Note: This article, originally titled “Debunking the Myth of the Long-Term Value of SEO,” has been edited from its original version. I’ve taken some of the arguments in the comments into consideration, and upon reflection a lot of my points were unclear or misleading, and I’ve adjusted my language accordingly. Thanks to everyone for contributing to the debate. – Larry
One of the most common responses to my recent “War on Free Clicks” study and yesterday’s article, “Why SEO’s Suck at PPC,” was the notion that PPC stops the moment you stop spending, whereas SEO provides benefits forever.
It reminds me of the “better to buy than rent a home” advice that was all the rage in the days leading up to the housing meltdown. Millions of homeowners got completely wiped out listening to that advice.
Today, the SEO bubble is in a bit of a meltdown, yet SEO’s are still peddling the “SEO is forever” dream. So is it true? Does SEO value last forever?
It depends how you define SEO, but I think it’s more complicated than it seems.
Here’s a screenshot of Google Analytics that I found for the Google Panda algorithm update:
And, here’s an example that I found for the Google Penguin Update:
Millions of websites have been impacted by the Panda and Penguin updates. Some of these businesses were so badly crushed that they went out of business. Others have been advised by Google to delete their website and start a new one.
But were the sites that were hit by these updates weren’t doing “real SEO”? Probably not. These algorithm updates were intended to target webspam, not high-quality, legitimate sites.
Nonetheless, I believe that it’s excessively difficult for most small businesses to figure out the difference between completely white-hat tactics and the gray- or black-hat stuff that can get them fried in an algorithm update. Many businesses hire out and have no idea what their SEO agencies are doing to get them rankings. Others are unable to make white-hat tactics work for them.
The difference between “good SEO” and “bad SEO” is not black and white. There are certain techniques that were considered legitimate SEO a few years ago – such as keyword-optimized anchor text and PageRank sculpting – that Google is now using as examples of “over-optimization.” Obviously, there are some tactics that are just flat-out spammy (like buying massive quantities of links and churning out fake spun articles), but it’s a spectrum rather than a binary.
What happens to your SEO when you actually stop doing SEO?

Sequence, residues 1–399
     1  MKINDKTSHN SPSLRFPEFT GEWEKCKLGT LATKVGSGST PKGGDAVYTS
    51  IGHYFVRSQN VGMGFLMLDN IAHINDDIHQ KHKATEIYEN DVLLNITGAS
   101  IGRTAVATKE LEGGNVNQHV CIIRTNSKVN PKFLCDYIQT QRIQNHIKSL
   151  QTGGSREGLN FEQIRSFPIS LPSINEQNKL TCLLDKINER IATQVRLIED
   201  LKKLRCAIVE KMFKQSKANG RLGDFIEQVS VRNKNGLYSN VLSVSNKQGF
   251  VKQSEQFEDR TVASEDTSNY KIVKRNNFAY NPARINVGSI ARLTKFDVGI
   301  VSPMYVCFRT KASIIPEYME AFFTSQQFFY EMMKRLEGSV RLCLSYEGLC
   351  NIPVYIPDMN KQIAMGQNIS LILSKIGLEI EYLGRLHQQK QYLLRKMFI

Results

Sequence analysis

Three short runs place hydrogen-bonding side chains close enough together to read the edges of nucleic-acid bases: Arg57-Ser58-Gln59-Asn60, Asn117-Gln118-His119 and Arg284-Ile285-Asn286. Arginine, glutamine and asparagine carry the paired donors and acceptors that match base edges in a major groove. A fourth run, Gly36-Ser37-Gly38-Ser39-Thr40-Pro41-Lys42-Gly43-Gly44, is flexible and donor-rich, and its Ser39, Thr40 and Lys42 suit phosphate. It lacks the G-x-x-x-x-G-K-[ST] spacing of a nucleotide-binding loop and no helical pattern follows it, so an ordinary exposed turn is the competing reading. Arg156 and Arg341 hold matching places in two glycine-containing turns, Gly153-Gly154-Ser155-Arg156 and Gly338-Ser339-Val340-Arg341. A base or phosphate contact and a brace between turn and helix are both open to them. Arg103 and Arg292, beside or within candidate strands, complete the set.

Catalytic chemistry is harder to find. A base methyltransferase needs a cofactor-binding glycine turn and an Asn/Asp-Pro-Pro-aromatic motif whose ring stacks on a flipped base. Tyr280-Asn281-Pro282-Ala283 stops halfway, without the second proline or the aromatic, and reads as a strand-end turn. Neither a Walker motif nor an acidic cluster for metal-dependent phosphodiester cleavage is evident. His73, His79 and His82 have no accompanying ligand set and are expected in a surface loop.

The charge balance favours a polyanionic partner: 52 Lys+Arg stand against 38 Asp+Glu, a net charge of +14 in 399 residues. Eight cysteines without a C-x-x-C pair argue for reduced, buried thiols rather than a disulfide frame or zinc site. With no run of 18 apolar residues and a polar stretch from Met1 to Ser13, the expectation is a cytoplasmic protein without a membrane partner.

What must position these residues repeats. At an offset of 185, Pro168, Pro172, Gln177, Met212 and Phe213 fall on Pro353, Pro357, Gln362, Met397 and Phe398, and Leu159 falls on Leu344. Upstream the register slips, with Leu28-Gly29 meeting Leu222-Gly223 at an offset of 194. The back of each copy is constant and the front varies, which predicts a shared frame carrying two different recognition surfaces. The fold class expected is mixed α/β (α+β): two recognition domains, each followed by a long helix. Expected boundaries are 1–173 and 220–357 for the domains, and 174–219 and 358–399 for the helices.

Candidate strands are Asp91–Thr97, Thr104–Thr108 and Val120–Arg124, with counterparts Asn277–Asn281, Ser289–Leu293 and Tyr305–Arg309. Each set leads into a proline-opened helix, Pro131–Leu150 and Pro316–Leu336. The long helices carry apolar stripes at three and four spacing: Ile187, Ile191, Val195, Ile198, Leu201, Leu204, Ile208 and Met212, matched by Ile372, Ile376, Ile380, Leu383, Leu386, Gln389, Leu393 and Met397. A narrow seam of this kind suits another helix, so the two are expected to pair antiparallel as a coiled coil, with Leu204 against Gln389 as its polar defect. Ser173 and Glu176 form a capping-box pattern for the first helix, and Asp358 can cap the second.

Most SEO’s understand that when you do SEO, you’re basically getting traffic to your site as a result of obtaining and improving search engine rankings for different keyword searches – and that this traffic comes at the expense of the sites that were previously ranking for those keywords.
The flip side of this is that if you stop doing SEO, competitors can and will take back the traffic you acquired from them just as easily as you took it from them in the first place.
Meaning, when you stop spending on SEO, that flow of traffic begins to drop off.
To use a real-life example, there was a period in WordStream’s history when we were “between SEOs” for a few months, and during that time we were still producing content but no one was doing active link building, social media marketing, etc. Our traffic numbers started to decline, roughly at the same rate it used to be growing at, and didn’t recover until we had a full-time SEO back on the case.
To maintain and improve results over time, both SEO and PPC require ongoing time, effort, and budget.
A final issue I have with the “SEO lives forever” claim is that it seems to imply that SEO can work as a set-it-and-forget-it kind of mode.
An often overlooked challenge with SEO is that the more SEO you do, the more SEO you have to do just to defend your existing keyword rankings and maintain your existing SEO numbers. As your SEO content expands to more and more keyword and content niches, the more territory you need to defend. The costs can quickly add up.
You might be thinking that your website is still getting SEO traffic, and doesn’t this prove that SEO lasts forever?
The truth is, we do SEO at WordStream. We spend money on it and it gets returns for us. But I try to be realistic about the costs and the challenges. We work exceptionally hard at it and we’re good at it – partly because we ARE a search marketing company! Can every small business get the same results? By design, no. And we worry that companies that don’t eat, sleep, and breathe Internet marketing can’t keep up with the changes.
In SEO, there are always winners and losers. For every site that gains traffic, another loses traffic. If you’re one of a few websites that somehow managed to maintain or grow your SEO traffic in the last 24 months, you’re probably in one of 2 camps:
If you’re lucky enough to be driving a ton of organic clicks to your site, I’m happy for you. But don’t be dependent on it, because SEO isn’t always forever – Google giveth and Google taketh away.
At the heart of every successful company is an effective, well thought out, proven sales and marketing process.
If you don’t have a consistent and repeatable way for your team to sell, you’re in trouble. It’s not that your business can’t succeed; it’s that you’re unpredictable.
SEO is many things, but predictable and “forever” it is not. We don’t depend fully on SEO and we don’t think other businesses should either; as always a healthy mix of marketing activity is the best way to ensure your lead funnel doesn’t collapse overnight.
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